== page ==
This Commission’s case law has been unequivocal. “Our case law clearly states, ‘a trial commissioner has broad discretion to determine the admissibility of evidence, and an evidentiary ruling will not be set aside absent a clear abuse of that discretion.’ Lamontagne” [v. F & F Concrete Corp., 5198 CRB-4-07-2 (February 25, 2008)]. Keeney v. Laidlaw Transportation, 5199 CRB-2-07-2 (May 21, 2008). See also Mosman, supra, and Vetre v. State/Dept. of Children and Youth Services, 3443 CRB-6-96-10 (January 16, 1998) which states that “[d]ecisions regarding the relevance and remoteness of evidence in workers’ compensation proceedings fall solely within the discretion of the trier of fact.”

Valiante, supra.

In order to reverse an evidentiary ruling we must find it was unreasonable. We do not find the decision not to permit the respondent to offer an RME as evidence at this stage of the case was unreasonable and we must defer to the decision of the trial commissioner on this matter. While the respondent has the right to have the claimant examined, that right is subject to the trial commissioner finding the request reasonable. Having failed to exercise its rights at the prior hearing, a trial commissioner could reasonably limit the respondent to the defenses it had decided to previously advance.

The respondent advances a number of other arguments claiming a deprivation of due process. We find none meritorious. The respondent argues that it should have been able to present a Registered Nurse, Denise Powers, APRN, as an expert witness. The trial commissioner conducted an extensive examination of the witness’s qualifications and decided not to admit her as an expert witness. July 22, 2008 Transcript, pp. 59-74. The trial commissioner is the judge of whether or not a witness should be permitted to testify and if the commissioner concluded her testimony would not be reliable she was not obligated to have her testimony placed on the record. See Lamontagne v. F & F Concrete Corporation, 5198 CRB-4-07-2 (February 25, 2008) (commissioner declined to admit evidence she deemed unreliable). The case of Anderson v. Whitten, 100 Conn. App. 730 (2007), relied on by the respondent, gives the trier of fact discretion as to who may testify as an expert witness and does not direct us to reverse the trial commissioner’s exercise of her discretion in this matter.1

The respondent also challenges the trial commissioner’s decision to take administrative notice of various exhibits presented in the prior formal hearing. The respondent however, offers no authority that the commissioner’s decision herein was in violation of her statutory powers under § 31-298 C.G.S. to admit evidence for a hearing “in a manner that is best calculated to ascertain the substantial rights of the parties and carry out the provisions and intent of this chapter.” We find no error herein.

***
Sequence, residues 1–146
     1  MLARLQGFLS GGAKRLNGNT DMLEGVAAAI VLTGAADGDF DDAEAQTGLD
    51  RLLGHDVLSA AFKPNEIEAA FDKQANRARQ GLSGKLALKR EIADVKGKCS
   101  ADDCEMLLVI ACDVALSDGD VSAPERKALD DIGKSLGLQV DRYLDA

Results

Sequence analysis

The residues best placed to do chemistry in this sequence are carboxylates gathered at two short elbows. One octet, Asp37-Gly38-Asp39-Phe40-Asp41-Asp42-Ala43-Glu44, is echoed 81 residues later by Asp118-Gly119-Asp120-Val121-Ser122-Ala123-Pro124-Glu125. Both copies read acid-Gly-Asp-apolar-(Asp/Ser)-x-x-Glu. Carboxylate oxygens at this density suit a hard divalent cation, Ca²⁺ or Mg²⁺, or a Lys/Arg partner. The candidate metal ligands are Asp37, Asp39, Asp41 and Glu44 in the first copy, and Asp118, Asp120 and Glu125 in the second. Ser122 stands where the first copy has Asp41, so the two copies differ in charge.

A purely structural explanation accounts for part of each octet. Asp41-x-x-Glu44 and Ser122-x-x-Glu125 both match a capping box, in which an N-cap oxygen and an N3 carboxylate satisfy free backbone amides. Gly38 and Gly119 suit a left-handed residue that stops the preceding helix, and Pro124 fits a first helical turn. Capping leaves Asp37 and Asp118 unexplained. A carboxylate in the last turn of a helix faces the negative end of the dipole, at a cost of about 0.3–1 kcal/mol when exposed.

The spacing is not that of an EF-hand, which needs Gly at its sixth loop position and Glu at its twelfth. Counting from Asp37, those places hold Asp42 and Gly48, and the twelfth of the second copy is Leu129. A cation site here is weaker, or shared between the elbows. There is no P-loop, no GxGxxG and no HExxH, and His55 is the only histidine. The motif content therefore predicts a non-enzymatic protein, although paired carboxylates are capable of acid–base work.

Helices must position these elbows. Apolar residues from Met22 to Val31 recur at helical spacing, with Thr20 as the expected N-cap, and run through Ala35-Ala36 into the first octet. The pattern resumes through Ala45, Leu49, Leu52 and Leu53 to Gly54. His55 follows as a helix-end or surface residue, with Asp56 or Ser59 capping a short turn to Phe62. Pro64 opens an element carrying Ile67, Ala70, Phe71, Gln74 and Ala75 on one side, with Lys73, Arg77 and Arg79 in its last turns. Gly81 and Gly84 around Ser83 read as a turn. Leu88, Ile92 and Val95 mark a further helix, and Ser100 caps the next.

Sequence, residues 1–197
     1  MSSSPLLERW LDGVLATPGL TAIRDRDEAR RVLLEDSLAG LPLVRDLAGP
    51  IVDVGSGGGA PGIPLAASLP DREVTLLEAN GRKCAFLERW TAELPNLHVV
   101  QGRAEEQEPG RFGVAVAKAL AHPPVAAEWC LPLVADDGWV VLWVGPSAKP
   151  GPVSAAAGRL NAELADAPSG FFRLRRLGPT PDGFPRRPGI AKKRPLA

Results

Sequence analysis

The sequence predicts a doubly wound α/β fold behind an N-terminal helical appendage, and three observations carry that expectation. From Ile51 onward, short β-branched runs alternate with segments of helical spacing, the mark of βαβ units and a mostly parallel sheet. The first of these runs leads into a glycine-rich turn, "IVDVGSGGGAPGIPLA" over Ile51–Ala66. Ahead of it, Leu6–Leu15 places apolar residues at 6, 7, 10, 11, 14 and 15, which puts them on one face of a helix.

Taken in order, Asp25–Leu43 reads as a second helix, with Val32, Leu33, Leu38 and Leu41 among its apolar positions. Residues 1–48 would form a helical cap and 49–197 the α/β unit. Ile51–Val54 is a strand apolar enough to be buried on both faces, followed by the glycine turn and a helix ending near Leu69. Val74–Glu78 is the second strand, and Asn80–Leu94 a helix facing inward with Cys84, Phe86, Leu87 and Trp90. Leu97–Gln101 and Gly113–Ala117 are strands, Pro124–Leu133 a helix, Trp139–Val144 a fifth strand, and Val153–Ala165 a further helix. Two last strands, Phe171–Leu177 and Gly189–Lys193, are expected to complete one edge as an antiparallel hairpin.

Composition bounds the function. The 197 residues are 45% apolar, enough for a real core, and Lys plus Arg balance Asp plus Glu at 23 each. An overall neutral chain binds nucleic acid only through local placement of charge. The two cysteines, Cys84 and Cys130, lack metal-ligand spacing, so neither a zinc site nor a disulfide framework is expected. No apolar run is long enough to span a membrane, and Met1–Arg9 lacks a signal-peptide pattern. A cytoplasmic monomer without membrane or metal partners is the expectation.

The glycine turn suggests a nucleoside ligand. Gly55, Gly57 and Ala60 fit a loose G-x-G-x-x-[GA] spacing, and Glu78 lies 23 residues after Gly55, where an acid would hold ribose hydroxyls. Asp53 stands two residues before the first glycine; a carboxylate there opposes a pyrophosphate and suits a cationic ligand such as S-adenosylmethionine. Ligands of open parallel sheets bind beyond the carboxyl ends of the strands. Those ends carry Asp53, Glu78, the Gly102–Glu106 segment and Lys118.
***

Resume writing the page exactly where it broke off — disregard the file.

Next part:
The respondent also argues that a Porter evaluation was necessary of the report presented by the claimant’s treating physician, Dr. Kennedy. Appellant’s Brief, p. 13. We find this goes to determining the weight and credibility of the evidence, and this decision is left to the discretion of the trial commissioner. Lamontagne, supra. We also reject the respondent’s argument that the “last date of exposure” standard does not govern a repetitive trauma claim. The respondent’s effort to rely on Discuillo v. Stone & Webster, 242 Conn. 570 (1997), which was a single date of injury case, is simply irrelevant to the issues herein. The claimant has not claimed to have sustained a myocardial infarction, for which a specific date of injury can be readily determined. Moreover, as we have already ruled on these issues in Goulbourne I we are frankly puzzled why this issue was raised yet again.

While we have found the respondent’s legal argument unpersuasive we still must ascertain if the trial commissioner’s decision on compensability was supported by a sufficient quantum of probative evidence. White v. Wal-Mart Stores, Inc., 5363 CRB-2-08-7 (June 30, 2009). The trial commissioner relied on the written reports of Dr. Kennedy as credible and persuasive. She also found the testimony of the claimant credible and persuasive.

The claimant testified that he suffered physical symptoms of stress which he attributed to his work as a correction officer. July 22, 2008 Transcript, p. 20. He testified Dr. Kennedy had specifically stated the stress of his job was the cause of his heart disease. Id., at 22. He further testified that he continued to feel stress until the final day in which he was on duty for the Correction Department, which was February 20, 2001. Id., at 29-30.

Claimant’s Exhibit B consists of the various medical reports of Dr. Kennedy commencing on August 9, 1998 and continuing up to March 1, 2005. These reports make numerous references to the claimant’s stressful employment and the development of coronary disease. Dr. Kennedy’s reports on October 20, 2001 and September 6, 2001 offer an opinion as to the etiology of the claimant’s coronary disease. On September 6, 2001 Dr. Kennedy stated “I strongly believe that his stressful job as a prison guard contributed to his premature atherosclerosis. There is no other logical explanation for this 43 year old man to have such significant arthrosclerosis at such a young age.” Dr. Kennedy’s October 30, 2001 report was cited by the trial commissioner as Finding, ¶ 10 and stated of the claimant “[h]e has no significant risk factors to explain his coronary artery disease. . . . I strongly suspect that his stressful lifestyle working in the corrections department was one of the primary triggers for his premature atherosclerosis.” We also note that on numerous occasions Dr. Kennedy counseled the claimant that for medical reasons he should find alternative employment away from the Corrections Department.